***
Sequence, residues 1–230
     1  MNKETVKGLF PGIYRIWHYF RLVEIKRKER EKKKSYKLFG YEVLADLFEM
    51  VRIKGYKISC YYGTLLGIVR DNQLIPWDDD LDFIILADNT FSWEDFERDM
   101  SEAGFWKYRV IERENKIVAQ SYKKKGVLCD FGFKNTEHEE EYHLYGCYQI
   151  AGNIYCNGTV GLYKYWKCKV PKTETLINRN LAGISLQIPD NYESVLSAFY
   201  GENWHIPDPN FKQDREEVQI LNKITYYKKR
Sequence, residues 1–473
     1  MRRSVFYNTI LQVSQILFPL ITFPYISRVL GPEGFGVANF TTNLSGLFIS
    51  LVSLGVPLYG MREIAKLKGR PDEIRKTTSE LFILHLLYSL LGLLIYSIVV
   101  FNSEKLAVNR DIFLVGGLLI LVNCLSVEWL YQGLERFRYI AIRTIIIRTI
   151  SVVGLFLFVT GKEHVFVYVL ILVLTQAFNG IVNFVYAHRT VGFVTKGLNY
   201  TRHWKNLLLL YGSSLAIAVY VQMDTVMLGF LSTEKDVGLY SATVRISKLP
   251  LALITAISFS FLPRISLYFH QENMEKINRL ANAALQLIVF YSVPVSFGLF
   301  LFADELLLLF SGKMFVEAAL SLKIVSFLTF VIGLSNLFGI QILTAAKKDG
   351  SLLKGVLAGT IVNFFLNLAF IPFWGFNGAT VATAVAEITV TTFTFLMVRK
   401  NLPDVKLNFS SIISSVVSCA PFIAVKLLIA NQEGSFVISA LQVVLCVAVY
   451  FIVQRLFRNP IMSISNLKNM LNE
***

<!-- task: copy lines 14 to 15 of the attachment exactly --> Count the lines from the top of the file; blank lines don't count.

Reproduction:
   301  LFADELLLLF SGKMFVEAAL SLKIVSFLTF VIGLSNLFGI QILTAAKKDG
   351  SLLKGVLAGT IVNFFLNLAF IPFWGFNGAT VATAVAEITV TTFTFLMVRK